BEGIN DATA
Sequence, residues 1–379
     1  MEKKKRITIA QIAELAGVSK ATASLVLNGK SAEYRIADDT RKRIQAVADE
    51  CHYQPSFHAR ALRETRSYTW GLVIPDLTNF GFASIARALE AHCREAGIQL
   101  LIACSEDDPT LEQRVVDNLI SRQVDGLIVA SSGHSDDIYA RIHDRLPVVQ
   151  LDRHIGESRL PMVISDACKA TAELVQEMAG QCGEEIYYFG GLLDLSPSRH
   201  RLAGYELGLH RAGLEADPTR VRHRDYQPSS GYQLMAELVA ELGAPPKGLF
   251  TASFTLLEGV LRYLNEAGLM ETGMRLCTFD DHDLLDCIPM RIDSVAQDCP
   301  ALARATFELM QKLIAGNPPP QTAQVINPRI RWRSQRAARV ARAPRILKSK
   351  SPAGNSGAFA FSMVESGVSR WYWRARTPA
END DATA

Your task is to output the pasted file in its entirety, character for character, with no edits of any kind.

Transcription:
Sequence, residues 1–379
     1  MEKKKRITIA QIAELAGVSK ATASLVLNGK SAEYRIADDT RKRIQAVADE
    51  CHYQPSFHAR ALRETRSYTW GLVIPDLTNF GFASIARALE AHCREAGIQL
   101  LIACSEDDPT LEQRVVDNLI SRQVDGLIVA SSGHSDDIYA RIHDRLPVVQ
   151  LDRHIGESRL PMVISDACKA TAELVQEMAG QCGEEIYYFG GLLDLSPSRH
   201  RLAGYELGLH RAGLEADPTR VRHRDYQPSS GYQLMAELVA ELGAPPKGLF
   251  TASFTLLEGV LRYLNEAGLM ETGMRLCTFD DHDLLDCIPM RIDSVAQDCP
   301  ALARATFELM QKLIAGNPPP QTAQVINPRI RWRSQRAARV ARAPRILKSK
   351  SPAGNSGAFA FSMVESGVSR WYWRARTPA